Texas County Ends Immigrant Detention Contract Amid Trump Family Separation Controversy

A Texas county has voted to end its contract with a privately run immigrant detention facility as reverberations from President Donald Trump’s controversial policy to separate immigrant families at the border have made their way through American communities and, now, potentially impacted the bottom line of private prison corporations profiting from the incarceration of immigrants.

Williamson County commissioners voted on Tuesday to end their Intergovernmental Services Agreement with US Immigration and Customs Enforcement (ICE) over the operations at T Don Hutto Residential Centre, where women immigrants – including asylum seekers – are held.

Under the agreement, the county partnered with private prison company Core Civic, which handled the operation of the facility itself.

The decision comes as national attention has focused on Mr Trump’s family separation policies, which have separated at least 2,300 children from their parents after arriving at the US border since April.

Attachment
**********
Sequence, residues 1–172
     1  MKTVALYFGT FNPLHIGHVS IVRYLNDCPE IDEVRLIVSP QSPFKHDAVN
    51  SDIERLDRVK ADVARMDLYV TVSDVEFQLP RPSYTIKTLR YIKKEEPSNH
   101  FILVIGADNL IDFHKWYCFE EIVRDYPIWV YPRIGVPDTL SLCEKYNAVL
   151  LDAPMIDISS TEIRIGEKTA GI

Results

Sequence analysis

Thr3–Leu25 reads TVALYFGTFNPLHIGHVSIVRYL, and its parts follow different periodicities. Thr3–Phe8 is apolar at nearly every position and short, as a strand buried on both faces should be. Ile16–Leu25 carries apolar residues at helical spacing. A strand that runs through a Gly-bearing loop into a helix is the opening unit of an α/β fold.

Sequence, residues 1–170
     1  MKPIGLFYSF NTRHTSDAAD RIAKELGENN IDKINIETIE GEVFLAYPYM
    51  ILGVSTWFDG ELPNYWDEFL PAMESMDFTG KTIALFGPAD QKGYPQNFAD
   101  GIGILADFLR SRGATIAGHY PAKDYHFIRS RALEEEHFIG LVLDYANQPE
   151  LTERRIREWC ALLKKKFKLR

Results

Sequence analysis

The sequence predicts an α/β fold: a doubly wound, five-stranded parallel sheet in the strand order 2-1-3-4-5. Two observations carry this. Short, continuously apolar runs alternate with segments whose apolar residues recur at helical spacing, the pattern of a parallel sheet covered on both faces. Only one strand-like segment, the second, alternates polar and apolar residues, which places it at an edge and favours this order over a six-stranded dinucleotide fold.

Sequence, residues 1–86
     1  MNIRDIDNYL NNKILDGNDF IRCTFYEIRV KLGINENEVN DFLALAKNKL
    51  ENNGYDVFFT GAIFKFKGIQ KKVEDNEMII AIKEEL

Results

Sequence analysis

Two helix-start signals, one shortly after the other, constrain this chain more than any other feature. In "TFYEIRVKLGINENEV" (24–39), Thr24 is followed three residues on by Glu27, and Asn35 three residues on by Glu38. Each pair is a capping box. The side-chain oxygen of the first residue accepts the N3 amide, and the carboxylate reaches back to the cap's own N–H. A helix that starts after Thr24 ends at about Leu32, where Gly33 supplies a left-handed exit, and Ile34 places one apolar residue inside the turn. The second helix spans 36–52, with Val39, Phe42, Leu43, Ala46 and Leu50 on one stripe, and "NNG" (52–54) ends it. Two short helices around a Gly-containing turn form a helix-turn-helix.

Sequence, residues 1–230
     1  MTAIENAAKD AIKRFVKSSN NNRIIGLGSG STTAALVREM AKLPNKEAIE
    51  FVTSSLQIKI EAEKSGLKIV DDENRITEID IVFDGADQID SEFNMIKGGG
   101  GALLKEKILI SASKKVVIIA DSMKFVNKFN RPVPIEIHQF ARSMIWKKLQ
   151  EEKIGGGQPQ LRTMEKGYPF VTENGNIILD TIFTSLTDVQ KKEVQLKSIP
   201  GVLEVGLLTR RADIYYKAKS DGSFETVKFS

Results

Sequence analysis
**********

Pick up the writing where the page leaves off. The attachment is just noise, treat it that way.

The facility holds about 500 women, and activists say they know of between 35 and 45 women in the facility who had their children removed from them by immigration officials.

“This is very much in response to everything that has been going on,” Cristina Parker, the communications director for the immigration advocacy group Grassroots Leadership, said of the Williamson County decision to cut ties with ICE, which are scheduled to take effect on 31 January.

Ms Parker noted that protests at the facility, which opened in 2006, have not been uncommon.

Allegations by several detainees that they were sexually abused by guards are among the issues that she says have galvanized the local community against the facility.

At least one of those women, Laura Monterrosa, was placed in solitary confinement after she came forward with her allegations. It is unclear if the allegations were investigated.

“I think with everything that has been hitting the news lately – I think it has all sort of crescendoed today into the county feeling that they had to get out of the contract,” Ms Parker said.

Just a day before the commissioners pulled the plug on their agreement with ICE, a letter written by a woman held in the detention centre became public, detailing horrific conditions and treatment by federal immigration officials.

By Clark Mindock for Independent
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